“If a mother or father has HIV positive status is that alone enough to justify separation from their child?” asked Jamie Raskin, the Maryland Democrat.

“It is a communicable disease under the guidance,” Hastings said.

The lawmaker pressed Hastings on the issue, noting that HIV is not communicable under ordinary contact.

“That’s the guidance,” Hastings repeated. He could not say, however, where that guidance came from. “I’m not sure if that came from legal counsel. I believe that it is defined as a communicable disease.”

Hastings’ testimony contradicts a 2010 policy put in place by US Citizenship and Immigration Services that removed HIV positive status from the list of communicable diseases that bar immigrants from entry into the US.

Quartz first reported on July 12 that border officials had separated three girls from Honduras—age 11, 12, and 14—from their father because of his HIV status. The father was deported back to Honduras. His daughters have not seen him since.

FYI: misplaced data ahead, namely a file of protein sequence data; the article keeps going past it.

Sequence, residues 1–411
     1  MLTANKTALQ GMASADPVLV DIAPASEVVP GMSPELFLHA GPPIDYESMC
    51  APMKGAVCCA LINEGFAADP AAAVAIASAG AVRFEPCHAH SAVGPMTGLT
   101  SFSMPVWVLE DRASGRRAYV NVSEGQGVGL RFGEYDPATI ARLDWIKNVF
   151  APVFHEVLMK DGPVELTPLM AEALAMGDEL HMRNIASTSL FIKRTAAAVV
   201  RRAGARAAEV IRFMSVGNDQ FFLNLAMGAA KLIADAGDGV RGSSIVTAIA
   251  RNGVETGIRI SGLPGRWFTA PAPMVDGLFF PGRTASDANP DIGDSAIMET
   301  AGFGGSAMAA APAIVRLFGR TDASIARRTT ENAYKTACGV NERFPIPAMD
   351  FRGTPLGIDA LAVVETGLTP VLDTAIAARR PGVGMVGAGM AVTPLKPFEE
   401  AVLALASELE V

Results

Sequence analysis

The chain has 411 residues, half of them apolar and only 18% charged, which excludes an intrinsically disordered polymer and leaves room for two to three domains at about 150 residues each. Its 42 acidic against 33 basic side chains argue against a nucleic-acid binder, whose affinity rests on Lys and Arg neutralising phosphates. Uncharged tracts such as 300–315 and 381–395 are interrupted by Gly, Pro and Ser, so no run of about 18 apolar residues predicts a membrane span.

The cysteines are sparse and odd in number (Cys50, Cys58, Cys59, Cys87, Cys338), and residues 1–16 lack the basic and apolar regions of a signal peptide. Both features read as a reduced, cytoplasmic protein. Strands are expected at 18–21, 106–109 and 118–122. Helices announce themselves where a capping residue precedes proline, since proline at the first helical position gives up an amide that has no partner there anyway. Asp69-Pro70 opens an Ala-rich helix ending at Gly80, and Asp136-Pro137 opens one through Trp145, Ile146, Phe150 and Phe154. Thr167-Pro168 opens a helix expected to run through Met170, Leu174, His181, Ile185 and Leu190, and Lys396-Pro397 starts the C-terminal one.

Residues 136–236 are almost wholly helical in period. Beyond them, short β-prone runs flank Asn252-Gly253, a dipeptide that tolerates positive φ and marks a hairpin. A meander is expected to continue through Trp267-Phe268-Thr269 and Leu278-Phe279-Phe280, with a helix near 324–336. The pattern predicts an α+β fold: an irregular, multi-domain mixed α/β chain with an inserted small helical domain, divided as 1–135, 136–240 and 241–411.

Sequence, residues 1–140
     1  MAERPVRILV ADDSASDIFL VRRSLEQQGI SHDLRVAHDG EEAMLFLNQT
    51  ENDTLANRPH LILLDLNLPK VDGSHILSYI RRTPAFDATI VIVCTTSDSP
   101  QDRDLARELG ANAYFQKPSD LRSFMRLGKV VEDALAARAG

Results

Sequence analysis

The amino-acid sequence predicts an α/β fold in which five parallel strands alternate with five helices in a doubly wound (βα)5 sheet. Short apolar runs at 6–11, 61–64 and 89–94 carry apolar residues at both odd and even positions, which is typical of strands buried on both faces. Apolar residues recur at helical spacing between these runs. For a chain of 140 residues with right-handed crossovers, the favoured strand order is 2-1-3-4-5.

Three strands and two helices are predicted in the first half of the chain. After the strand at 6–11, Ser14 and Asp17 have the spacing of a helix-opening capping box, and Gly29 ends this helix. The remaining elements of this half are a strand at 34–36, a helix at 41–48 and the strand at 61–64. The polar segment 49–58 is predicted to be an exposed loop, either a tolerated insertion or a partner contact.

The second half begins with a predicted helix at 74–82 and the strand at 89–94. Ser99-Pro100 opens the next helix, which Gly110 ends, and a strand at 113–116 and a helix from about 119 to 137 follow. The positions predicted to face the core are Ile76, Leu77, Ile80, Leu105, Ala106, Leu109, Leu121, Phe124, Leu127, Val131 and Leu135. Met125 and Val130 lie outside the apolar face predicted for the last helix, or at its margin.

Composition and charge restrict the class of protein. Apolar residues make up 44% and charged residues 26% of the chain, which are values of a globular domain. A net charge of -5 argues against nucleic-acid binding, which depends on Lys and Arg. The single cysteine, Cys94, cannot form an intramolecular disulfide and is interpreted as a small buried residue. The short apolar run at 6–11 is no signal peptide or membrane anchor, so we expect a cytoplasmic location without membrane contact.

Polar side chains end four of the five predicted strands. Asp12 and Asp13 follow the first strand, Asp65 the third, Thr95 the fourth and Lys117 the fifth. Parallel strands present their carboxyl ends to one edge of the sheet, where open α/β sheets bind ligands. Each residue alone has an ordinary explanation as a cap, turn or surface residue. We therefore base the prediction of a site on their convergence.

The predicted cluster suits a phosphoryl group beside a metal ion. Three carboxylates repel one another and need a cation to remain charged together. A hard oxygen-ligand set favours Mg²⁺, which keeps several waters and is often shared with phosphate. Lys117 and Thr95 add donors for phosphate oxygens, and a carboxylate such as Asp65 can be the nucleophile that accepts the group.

CBP continues to separate kids from their parents at the US southern border if a parent has a “criminal history,” a “criminal warrant” or a “communicable disease,” among other qualifications, the agency told Quartz today. It did not answer questions about who had advised border patrol that HIV positive status qualified as a “communicable disease.”

The American Civil Liberties Union (ACLU) will file a motion on the issue as part of its ongoing lawsuit against the government’s family separation policy.

“The government may not separate simply because a parent is HIV,” said Lee Gelernt, deputy director of the Immigrants’ Rights Project at the ACLU. “We intend to raise that issue with the court as well as other issues, including the government taking children away because the parent committed a misdemeanor years ago.”

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